Duties of the Secretary of Labor

by Wesley Tucker

The secretary of labor is a Cabinet-level office reporting directly to the president of the United States. Overseeing the Department of Labor, the secretary of labor monitors, stimulates and alleviates the quality of life of working individuals. The secretary analyzes and records employment statistics, enforces workplace safety regulations and administers unemployment compensation benefits. The secretary of labor may also testify to the United States Congress on matters related to labor and employment. The secretary of labor may also generate legislation and present it to Congress through the president when circumstances warrant federal involvement.

Unemployment Benefits

The most visible function for the secretary of labor is managing and disbursing unemployment benefits to insured unemployed workers. Although states handle actual claim processing and fund disbursement, the Department of Labor provides federal funds to supplement employee-paid unemployment insurance premiums. The secretary of labor also regulates the disbursement of supplemental federal funds during times of extreme economic strife and extended unemployment. As the states' coffers dwindle with high unemployment benefit claims, the secretary of labor will approach Congress to lobby for additional funds to keep the benefits flowing.

Workplace Safety

The secretary of labor ensures workplace safety through the Occupational Safety Hazard Administration (OSHA). Although some jobs are inherently hazardous, the secretary must recognize and administer safety laws to reduce worker injury and loss of time on the job due to accidents. The secretary of labor has the discretion to order inspections, audits and administer fines to businesses that do not comply with federal workplace safety laws.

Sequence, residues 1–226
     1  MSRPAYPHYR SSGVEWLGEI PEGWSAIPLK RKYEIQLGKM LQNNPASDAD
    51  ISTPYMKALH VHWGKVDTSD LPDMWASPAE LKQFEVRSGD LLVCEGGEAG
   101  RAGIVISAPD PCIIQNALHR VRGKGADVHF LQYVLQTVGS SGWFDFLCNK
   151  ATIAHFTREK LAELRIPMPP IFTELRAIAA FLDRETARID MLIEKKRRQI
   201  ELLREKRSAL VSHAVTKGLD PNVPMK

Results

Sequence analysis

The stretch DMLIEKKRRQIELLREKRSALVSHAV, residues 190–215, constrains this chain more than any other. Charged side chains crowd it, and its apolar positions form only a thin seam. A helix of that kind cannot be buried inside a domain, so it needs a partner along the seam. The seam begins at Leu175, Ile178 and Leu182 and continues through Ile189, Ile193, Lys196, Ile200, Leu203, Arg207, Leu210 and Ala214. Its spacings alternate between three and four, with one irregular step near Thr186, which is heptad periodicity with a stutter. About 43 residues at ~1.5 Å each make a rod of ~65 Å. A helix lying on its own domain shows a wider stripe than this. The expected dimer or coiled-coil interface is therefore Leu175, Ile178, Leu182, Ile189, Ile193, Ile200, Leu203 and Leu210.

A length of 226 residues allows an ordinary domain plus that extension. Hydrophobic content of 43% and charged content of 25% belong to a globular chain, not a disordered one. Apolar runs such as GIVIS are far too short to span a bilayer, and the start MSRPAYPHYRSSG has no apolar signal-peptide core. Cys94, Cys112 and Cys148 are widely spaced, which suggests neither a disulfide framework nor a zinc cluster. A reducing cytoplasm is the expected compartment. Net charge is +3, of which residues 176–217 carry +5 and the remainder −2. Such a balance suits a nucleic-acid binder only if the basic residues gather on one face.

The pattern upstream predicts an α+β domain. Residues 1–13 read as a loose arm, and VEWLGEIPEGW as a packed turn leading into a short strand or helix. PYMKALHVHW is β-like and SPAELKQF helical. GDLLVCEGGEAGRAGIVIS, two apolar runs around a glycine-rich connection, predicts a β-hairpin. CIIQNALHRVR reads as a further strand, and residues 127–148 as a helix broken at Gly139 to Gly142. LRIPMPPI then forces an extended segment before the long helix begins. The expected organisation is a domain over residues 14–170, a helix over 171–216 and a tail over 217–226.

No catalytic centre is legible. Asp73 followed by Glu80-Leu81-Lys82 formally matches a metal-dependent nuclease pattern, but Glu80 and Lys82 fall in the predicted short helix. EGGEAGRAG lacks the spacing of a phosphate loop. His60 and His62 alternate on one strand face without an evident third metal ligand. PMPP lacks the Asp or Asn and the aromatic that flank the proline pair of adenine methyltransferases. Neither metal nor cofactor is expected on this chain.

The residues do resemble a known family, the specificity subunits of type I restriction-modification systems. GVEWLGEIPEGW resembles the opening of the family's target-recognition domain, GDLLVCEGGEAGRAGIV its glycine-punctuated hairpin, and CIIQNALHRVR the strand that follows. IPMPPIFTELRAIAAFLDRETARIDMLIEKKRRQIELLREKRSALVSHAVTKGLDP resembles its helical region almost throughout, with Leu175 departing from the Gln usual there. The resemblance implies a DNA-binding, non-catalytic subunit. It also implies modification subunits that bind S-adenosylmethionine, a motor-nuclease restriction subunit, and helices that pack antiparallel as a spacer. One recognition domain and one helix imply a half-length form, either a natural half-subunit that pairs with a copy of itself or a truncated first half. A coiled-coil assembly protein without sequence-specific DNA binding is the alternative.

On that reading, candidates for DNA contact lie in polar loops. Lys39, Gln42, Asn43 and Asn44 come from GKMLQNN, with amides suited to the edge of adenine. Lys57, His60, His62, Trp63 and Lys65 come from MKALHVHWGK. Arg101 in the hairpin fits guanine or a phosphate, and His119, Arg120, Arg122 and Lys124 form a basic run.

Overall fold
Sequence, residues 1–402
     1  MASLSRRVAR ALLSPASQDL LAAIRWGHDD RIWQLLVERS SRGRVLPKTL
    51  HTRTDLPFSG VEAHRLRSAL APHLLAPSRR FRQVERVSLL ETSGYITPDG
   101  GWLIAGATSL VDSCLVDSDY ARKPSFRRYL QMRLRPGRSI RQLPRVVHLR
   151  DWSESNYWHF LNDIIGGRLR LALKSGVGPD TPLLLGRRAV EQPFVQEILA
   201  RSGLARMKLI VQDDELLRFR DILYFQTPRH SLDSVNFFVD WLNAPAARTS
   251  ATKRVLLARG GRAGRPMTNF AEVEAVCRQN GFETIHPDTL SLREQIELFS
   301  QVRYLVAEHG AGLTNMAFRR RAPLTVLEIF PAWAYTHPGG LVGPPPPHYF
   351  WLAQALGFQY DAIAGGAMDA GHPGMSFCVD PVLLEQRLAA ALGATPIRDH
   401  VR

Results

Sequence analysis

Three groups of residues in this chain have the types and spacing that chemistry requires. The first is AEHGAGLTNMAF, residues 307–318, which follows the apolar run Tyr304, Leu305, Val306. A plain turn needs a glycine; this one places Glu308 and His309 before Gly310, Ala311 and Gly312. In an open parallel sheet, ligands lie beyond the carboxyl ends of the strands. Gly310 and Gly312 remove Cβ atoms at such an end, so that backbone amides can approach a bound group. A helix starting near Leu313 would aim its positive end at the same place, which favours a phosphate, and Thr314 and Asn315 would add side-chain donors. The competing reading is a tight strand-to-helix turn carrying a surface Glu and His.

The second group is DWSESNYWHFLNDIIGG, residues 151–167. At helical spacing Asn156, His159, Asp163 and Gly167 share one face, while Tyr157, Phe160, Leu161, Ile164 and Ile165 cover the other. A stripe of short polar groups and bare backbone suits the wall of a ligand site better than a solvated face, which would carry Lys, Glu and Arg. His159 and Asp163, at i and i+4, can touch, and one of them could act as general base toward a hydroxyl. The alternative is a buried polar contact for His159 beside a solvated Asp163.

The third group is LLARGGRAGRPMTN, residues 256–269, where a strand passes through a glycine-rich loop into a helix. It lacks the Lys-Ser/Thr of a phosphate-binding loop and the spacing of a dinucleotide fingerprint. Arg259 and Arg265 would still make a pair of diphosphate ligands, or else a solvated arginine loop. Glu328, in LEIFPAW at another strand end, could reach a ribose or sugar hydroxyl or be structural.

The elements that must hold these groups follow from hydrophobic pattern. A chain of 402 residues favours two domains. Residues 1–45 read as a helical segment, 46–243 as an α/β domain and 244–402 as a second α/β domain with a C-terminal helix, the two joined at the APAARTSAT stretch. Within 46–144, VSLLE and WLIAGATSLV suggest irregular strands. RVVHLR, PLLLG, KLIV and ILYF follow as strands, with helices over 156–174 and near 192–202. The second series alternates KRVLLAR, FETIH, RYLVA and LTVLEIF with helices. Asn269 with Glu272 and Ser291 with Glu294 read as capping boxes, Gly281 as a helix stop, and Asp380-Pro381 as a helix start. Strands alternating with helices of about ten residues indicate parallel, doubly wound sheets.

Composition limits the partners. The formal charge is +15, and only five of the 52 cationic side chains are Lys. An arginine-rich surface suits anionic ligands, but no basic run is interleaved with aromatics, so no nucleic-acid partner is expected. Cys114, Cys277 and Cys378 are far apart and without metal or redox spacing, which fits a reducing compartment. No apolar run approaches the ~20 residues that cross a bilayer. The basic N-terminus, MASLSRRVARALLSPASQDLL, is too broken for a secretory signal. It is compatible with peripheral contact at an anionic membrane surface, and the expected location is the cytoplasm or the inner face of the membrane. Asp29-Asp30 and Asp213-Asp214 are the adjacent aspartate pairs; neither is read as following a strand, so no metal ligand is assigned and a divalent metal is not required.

Legislation

The secretary of labor and the Department of Labor may occasionally determine that current circumstances require creating new laws or amending existing laws. The secretary of labor creates drafts of legislation and presents it to the president of the United States for consideration. The president will then coordinate with a member of Congress to introduce the proposed legislation for consideration and a possible vote. If a congressional committee holds hearings on the proposed measure, the secretary of labor may offer testimony on the merits of the new law before Congress. The secretary of labor may also request that designated experts and other witnesses also appear before the committee to offer further insights and explanation.

About the Author

Wesley Tucker is a lifelong southerner whose politics are objective, whose sports are many and whose avocations range from aviation to anthropology to history and all forms of media. With a master's degree in mass communications from the University of South Carolina College of Journalism, Tucker has been a writer for more than 30 years, with work ranging from news reports to feature stories.

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